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Africa Struggles to Find Solutions to Rising Food Prices


The era of cheap food is over. That’s the opinion of many development economists as the world grapples with the rising cost of food. Hardest hit are net importers of food, many of them African countries. From Washington, reporter William Eagle looks at the increase in prices for foods and what it means to the continent.

The World Bank says global food prices have nearly doubled over the past three years. In the lead are three grains that are among Africa’s largest imports: rice, wheat and maize.

The Bank says in the last year, international wheat prices alone have risen 123%.

Personal accounts of the food price increases put a human face on the statistics.

Peter Oriare is the director of the firm Strategic Public Relations and Research in Nairobi:

"Last year," he says, "I used to spend 300 shillings [nearly $5] per day…that’s [for] basic [food needs]. Today, I spend 600 shillings daily just to be able to take some breakfast, make sure those that remain in the house have some lunch, and that in the evening, we have something to eat . I [earn more than the ordinary] Kenyan and still I feel the pinch. So you can imagine what people who live below the poverty line are going through."

Consumers are making their displeasure known to their leaders: in recent months, protests have broken out in Egypt, Ivory Coast, Guinea-Conakry, Mauritania, Burkina Faso, Niger, Cameroon and Senegal.

Analysts say a convergence of factors is behind the rise – including increased demand for grains and meat, especially among the middle classes of India and China. Around the world, grains are used not just for making bread, but also for feeding livestock.

Weather is another factor. Droughts in Australia and in West and East Africa have driven up costs. So has the diversion of maize in the United States and Europe, where some governments require that a portion of the crops be used to produce ethanol and other biofuels.

Marc Cohen is a research fellow at the Washington-based International Food Policy Research Institute.

"Certainly the price of corn, or maize, is also rising quite rapidly globally," he says, "because of the increased use of corn for fuel, especially in the US and increasing demand for livestock to feed to live stock in rapidly growing economies in East Asia. This has also led to farmers shifting away from wheat in the US to more corn because of rapidly rising prices. Corn is widely consumed in Africa as well, and is widely produced in Eastern and Southern Africa. "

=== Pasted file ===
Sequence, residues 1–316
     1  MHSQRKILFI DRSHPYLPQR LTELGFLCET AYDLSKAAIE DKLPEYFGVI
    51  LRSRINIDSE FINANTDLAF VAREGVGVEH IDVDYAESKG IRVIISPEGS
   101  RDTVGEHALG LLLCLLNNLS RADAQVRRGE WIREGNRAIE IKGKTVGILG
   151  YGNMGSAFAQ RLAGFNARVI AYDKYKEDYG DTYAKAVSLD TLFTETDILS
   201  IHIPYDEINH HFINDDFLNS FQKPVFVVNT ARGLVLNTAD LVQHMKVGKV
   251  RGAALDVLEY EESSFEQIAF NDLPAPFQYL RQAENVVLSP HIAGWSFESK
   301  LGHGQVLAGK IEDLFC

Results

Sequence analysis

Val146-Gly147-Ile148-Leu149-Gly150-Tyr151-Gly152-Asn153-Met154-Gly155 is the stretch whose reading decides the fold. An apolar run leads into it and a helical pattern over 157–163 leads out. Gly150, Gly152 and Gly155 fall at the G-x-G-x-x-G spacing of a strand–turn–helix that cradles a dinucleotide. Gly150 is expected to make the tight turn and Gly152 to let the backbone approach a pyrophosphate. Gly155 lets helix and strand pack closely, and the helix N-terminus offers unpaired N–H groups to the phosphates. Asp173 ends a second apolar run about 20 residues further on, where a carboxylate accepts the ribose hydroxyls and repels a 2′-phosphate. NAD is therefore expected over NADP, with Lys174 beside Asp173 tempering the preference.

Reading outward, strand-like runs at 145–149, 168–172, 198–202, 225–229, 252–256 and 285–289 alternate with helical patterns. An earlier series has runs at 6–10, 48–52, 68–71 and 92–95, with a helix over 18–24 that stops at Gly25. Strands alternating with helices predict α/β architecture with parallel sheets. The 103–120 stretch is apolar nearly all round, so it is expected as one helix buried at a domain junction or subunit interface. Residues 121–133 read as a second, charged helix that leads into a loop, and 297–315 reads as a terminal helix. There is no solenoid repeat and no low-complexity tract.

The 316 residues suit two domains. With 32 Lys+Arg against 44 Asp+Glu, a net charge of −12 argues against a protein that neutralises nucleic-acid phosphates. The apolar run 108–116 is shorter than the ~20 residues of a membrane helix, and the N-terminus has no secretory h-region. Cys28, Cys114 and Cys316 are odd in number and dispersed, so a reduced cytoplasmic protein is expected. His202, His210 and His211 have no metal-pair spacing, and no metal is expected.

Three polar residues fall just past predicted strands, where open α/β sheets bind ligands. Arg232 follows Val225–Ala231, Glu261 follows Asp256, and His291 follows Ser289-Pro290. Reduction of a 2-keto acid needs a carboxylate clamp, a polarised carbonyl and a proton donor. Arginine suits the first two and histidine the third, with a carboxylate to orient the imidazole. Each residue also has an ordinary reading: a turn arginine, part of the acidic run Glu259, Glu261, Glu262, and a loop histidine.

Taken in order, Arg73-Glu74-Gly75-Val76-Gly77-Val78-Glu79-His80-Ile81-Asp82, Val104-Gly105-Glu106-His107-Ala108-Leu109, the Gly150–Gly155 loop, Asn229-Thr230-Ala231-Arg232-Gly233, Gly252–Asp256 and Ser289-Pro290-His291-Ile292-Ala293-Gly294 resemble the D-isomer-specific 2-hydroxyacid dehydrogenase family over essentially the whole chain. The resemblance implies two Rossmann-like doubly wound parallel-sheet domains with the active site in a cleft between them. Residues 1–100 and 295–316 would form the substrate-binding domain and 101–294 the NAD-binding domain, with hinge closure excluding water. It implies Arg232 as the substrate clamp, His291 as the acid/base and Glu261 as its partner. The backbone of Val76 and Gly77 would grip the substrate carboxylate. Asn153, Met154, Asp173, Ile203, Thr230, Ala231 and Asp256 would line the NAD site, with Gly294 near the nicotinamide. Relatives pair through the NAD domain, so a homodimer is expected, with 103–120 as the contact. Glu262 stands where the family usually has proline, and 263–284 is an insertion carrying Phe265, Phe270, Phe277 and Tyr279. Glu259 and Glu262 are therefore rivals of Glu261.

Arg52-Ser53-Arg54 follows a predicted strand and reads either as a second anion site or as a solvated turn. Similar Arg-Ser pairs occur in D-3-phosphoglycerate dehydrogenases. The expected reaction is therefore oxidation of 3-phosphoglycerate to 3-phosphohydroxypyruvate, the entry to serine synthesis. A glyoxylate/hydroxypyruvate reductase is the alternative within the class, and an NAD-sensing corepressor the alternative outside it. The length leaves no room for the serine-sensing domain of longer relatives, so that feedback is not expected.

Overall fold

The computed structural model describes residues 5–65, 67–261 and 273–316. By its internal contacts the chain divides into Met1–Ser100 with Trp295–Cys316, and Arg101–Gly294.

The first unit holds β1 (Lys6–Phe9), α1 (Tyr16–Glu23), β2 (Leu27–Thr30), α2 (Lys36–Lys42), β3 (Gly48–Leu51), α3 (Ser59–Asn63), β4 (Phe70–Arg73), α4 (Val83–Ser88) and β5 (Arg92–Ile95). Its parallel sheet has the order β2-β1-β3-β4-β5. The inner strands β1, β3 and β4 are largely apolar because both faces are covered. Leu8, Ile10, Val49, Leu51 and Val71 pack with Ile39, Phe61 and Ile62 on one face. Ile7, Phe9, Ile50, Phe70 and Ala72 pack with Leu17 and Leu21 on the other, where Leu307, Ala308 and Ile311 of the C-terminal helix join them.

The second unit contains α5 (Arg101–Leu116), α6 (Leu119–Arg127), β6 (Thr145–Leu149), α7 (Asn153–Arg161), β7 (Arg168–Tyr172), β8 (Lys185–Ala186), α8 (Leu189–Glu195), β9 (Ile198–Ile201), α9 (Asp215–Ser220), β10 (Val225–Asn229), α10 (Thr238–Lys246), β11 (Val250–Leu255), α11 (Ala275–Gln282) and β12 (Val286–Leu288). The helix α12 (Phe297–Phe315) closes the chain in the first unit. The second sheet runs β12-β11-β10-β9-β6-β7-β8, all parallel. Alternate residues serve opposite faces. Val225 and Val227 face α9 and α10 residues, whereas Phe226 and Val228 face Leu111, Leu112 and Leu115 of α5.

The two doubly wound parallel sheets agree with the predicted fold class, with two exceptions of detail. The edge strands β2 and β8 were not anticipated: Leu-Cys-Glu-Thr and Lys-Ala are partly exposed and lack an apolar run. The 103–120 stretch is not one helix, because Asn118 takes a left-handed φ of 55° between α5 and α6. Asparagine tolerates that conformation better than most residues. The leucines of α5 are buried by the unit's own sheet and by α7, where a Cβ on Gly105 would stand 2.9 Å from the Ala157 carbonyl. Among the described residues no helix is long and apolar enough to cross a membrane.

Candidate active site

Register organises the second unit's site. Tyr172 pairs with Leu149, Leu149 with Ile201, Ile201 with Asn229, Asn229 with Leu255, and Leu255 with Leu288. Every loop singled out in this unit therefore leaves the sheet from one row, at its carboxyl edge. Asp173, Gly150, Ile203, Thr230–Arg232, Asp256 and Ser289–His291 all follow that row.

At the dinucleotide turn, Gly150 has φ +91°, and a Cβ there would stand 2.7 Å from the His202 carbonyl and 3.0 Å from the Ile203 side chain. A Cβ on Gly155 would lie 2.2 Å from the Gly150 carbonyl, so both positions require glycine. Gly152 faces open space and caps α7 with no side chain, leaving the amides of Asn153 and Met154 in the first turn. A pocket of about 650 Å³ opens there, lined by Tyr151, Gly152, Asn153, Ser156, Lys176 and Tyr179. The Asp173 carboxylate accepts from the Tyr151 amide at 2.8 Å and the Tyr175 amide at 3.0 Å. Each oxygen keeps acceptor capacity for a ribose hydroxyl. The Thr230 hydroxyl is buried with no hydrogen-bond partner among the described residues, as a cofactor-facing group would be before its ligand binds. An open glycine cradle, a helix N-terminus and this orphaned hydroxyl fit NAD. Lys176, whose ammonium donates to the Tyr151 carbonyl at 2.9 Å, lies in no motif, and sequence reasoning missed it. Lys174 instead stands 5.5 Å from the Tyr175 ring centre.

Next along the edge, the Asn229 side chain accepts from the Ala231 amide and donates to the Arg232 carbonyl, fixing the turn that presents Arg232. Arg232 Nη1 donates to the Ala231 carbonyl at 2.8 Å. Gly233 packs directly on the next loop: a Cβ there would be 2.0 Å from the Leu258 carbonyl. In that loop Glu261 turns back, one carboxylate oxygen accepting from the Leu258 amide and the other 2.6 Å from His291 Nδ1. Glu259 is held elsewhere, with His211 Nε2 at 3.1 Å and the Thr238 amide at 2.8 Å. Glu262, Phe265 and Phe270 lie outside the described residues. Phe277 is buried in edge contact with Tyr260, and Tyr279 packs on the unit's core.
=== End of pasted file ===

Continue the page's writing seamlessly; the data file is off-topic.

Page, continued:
Some large grain producers -- including Vietnam, India, and Egypt -- have banned rice exports. That adds to consumer pressure in countries like Liberia, which imports 90 percent of its rice.

A 50kg bag will feed a family of seven for two weeks. It currently costs US$34 -- the average monthly salary for a security guard in Monrovia. In neighboring Sierra Leone, the price of sugar, flour, oil and rice increased by 40 percent.

Peter Oriare notes that in Kenya, political violence over last year’s contested presidential election has hampered food production in a country that is not only a food exporter but also a transportation hub for East Africa.

"The post-election conflict," he says, "was in areas that can be called food baskets of Kenya, like the Rift Valley, western Kenya and parts of Central Province, where we produce basic foods like maize, beans and peas. So the [international observers] have said Kenyans will go through a difficult period…because of lack of basic commodities because during the conflict people did not till the land or plant, so large tracts of land have not been planted. You would expect a food insecurity situation …..prices have to go up."

Humanitarian agencies fear higher prices will mean malnutrition for children in countries recovering from civil war, like Liberia. They also fear that rural parents will keep their children out of school so they can help in the fields.

For African governments, the challenge is to enact short-term measures to alleviate the suffering of the urban working poor, who do not earn enough money to pay for food. Development specialists say over the long term, countries will have to place more investment in agriculture, which they say has been neglected over the past few decades. They say with improved roads to markets and inputs like fertilizer and improved seed varieties, there’ s a chance farmers can use the higher prices to satisfy demand – and move Africa closer to food self-sufficiency.

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